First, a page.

With 4 he’s again calling on Labour to come up with a plan, any plan, for a modern and transformed United Kingdom, and he’s stressing the need for conviction and enthusiasm about extending the powers of the Scottish parliament and reforming the UK. Can you imagine Johann Lamont giving a passionate, articulate and compelling speech about the need for Westminster to transfer substantial fiscal powers to Scotland, calling for devolution of the BBC and control of oil revenues? No, neither can I. And neither can Henry McLeish, because as he says in his fifth and final point:
“Fifth, above all else, there has to be a credible, not grudging, embrace of new and radical powers for the Scottish Parliament and a new relationship with the Union.”
He goes on to plead for a non-grudging Labour campaign to save the Union untainted by Tories, but isn’t there supposed to be one of those already? There was thon super-high-profile one launched in a blaze of publicity some while back that we’ve heard nothing about ever since. The one led by Gordon Brown, the ex-politician that’s still an MP for Kirkaldy. But you can’t ask Gordon Brown not to be grudging. Grudging is all he does.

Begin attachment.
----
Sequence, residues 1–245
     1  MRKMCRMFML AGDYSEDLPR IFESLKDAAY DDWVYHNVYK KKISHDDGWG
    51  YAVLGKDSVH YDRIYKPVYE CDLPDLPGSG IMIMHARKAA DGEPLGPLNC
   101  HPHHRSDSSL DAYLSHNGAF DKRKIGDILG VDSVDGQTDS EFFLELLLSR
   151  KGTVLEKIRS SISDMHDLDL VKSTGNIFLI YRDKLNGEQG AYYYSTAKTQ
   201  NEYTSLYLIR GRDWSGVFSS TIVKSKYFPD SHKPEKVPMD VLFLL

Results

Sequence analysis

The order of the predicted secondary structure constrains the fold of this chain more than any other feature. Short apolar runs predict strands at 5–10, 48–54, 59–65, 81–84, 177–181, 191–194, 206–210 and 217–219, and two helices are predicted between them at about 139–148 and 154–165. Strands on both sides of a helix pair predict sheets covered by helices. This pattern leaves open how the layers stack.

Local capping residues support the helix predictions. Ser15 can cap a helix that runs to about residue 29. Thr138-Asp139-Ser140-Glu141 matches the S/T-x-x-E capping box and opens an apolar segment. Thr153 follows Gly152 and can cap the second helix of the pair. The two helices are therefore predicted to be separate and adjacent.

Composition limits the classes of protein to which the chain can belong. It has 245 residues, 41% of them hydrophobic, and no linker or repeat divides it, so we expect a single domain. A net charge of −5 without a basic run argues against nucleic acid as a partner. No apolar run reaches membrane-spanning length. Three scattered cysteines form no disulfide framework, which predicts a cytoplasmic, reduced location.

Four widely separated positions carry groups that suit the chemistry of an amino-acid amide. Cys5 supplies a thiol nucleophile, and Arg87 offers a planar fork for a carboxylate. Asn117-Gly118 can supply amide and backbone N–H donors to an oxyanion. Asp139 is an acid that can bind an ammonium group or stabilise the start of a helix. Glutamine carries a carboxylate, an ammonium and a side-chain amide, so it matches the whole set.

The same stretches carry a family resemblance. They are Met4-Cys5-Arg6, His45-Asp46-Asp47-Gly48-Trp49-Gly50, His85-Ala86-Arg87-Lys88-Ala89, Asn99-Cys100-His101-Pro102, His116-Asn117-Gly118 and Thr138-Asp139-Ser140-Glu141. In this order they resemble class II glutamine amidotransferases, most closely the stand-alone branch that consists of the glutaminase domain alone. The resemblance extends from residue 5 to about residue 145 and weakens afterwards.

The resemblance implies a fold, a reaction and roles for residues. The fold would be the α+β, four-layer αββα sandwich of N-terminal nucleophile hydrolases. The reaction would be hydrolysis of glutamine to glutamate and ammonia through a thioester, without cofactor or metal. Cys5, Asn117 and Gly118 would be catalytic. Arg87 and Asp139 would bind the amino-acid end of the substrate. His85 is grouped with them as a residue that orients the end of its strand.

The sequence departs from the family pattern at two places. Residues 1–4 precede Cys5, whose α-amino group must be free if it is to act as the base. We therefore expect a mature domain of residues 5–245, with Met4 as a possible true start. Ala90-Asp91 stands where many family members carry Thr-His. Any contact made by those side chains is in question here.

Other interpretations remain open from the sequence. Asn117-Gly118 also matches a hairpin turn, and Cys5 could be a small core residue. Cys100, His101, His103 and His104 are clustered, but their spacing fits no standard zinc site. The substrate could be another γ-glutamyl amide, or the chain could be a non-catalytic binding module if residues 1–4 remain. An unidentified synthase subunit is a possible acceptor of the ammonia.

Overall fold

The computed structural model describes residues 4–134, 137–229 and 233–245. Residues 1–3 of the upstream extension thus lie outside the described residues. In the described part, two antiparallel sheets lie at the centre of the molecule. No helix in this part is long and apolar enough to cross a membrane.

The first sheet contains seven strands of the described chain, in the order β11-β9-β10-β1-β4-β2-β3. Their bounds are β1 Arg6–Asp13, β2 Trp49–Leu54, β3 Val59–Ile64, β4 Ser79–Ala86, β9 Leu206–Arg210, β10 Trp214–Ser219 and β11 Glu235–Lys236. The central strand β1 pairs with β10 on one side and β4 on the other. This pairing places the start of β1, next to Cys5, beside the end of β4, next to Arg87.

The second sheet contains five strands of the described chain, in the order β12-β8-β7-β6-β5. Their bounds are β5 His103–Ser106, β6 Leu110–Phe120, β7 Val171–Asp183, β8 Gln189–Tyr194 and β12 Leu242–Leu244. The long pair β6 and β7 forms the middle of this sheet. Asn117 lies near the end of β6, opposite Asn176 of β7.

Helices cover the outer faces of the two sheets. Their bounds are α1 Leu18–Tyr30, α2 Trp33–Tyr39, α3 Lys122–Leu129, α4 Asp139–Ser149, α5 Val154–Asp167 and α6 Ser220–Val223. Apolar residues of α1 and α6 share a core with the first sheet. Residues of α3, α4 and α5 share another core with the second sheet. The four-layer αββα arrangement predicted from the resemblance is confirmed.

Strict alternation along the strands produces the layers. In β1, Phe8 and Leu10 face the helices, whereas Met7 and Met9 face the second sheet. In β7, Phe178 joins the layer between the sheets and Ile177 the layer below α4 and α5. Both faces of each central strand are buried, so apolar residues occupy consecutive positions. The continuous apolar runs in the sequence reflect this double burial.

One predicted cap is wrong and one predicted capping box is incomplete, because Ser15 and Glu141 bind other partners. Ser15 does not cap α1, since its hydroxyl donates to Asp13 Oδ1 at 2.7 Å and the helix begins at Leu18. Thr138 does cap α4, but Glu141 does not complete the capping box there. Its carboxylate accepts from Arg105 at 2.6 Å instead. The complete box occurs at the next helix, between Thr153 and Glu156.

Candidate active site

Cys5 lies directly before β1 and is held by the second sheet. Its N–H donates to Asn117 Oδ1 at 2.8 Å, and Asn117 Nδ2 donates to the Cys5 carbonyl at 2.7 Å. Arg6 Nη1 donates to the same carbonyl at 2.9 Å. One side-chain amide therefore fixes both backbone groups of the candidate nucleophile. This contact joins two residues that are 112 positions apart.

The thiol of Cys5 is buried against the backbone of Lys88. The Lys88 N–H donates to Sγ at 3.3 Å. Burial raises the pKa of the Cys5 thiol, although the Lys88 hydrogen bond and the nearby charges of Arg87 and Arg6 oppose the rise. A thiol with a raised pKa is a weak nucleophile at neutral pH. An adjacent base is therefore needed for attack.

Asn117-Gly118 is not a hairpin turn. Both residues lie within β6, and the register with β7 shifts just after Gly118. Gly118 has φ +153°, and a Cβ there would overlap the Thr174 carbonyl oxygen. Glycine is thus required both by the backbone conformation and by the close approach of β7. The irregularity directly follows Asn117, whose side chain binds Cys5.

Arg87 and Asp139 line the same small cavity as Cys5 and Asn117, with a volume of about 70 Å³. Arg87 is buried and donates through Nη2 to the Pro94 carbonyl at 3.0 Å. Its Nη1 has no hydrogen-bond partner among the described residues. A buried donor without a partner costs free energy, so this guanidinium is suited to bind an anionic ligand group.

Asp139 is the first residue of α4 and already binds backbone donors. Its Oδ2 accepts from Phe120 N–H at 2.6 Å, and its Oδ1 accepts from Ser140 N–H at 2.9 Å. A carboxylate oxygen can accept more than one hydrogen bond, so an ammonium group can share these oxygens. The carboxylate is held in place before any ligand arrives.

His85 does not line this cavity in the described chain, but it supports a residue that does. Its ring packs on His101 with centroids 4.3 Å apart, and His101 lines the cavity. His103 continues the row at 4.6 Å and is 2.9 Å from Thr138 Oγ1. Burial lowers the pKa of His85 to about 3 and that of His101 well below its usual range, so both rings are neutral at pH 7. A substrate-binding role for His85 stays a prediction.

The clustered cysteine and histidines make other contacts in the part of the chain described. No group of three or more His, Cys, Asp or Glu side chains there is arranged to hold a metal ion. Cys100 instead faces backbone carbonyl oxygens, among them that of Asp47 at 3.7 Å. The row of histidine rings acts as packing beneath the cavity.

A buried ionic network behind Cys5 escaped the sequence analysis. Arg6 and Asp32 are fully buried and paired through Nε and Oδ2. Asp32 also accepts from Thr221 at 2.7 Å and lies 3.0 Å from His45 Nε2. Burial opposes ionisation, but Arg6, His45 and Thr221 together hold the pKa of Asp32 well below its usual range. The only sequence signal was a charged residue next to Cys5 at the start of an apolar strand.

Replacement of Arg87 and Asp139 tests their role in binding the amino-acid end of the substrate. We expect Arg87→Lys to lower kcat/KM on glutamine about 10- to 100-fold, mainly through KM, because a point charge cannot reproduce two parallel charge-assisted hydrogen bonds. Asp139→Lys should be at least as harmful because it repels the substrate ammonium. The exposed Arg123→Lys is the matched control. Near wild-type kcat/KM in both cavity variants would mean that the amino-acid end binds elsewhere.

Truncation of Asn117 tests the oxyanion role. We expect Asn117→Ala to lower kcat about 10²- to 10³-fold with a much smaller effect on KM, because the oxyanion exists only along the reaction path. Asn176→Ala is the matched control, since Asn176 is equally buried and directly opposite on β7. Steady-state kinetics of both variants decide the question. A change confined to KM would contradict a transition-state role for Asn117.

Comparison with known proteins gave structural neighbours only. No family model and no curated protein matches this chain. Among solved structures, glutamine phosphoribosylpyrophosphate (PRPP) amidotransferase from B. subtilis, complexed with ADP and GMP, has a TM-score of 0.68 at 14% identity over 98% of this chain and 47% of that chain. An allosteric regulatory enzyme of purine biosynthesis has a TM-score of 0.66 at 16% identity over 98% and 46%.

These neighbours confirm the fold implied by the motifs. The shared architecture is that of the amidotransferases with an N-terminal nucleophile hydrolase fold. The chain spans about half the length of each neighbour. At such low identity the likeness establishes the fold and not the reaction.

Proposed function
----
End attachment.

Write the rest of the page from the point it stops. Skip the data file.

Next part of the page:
Henry McLeish is not a stupid man. He knows that he’s asking for the impossible, he knows that there is absolutely no prospect of anything from his wish list coming to pass. His suggestion that the anti-independence campaign adopt his recommendations is either a supreme example of the triumph of hope over experience, or it’s an attempt to warn them that their complacency will be their undoing – and only something drastic will save the day. But Henry McLeish writes as though he realises that it’s already too late.
There has already been a steady drip of former high profile Labour politicians coming out in favour of independence, there will be others. I have it on good authority that at least 3 or 4 Labour councillors in one local authority are privately in favour of independence. There are certainly many more across Scotland, they’re just waiting for someone like Henry McLeish to stop wishing for the impossible.